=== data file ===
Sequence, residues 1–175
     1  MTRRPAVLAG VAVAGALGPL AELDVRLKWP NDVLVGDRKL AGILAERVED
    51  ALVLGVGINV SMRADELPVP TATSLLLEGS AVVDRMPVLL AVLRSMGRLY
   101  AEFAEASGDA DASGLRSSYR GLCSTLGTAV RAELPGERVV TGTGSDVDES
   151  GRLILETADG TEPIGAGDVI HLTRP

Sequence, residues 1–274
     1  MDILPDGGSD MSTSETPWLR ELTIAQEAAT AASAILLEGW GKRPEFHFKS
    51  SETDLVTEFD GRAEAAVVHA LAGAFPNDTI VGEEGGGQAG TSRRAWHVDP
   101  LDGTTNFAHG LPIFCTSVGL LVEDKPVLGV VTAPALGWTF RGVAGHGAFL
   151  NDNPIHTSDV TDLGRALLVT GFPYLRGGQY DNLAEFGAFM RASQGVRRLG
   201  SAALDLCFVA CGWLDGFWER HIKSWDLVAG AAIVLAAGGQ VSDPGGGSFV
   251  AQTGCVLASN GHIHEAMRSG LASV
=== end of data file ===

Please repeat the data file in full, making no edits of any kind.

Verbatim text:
Sequence, residues 1–175
     1  MTRRPAVLAG VAVAGALGPL AELDVRLKWP NDVLVGDRKL AGILAERVED
    51  ALVLGVGINV SMRADELPVP TATSLLLEGS AVVDRMPVLL AVLRSMGRLY
   101  AEFAEASGDA DASGLRSSYR GLCSTLGTAV RAELPGERVV TGTGSDVDES
   151  GRLILETADG TEPIGAGDVI HLTRP

Sequence, residues 1–274
     1  MDILPDGGSD MSTSETPWLR ELTIAQEAAT AASAILLEGW GKRPEFHFKS
    51  SETDLVTEFD GRAEAAVVHA LAGAFPNDTI VGEEGGGQAG TSRRAWHVDP
   101  LDGTTNFAHG LPIFCTSVGL LVEDKPVLGV VTAPALGWTF RGVAGHGAFL
   151  NDNPIHTSDV TDLGRALLVT GFPYLRGGQY DNLAEFGAFM RASQGVRRLG
   201  SAALDLCFVA CGWLDGFWER HIKSWDLVAG AAIVLAAGGQ VSDPGGGSFV
   251  AQTGCVLASN GHIHEAMRSG LASV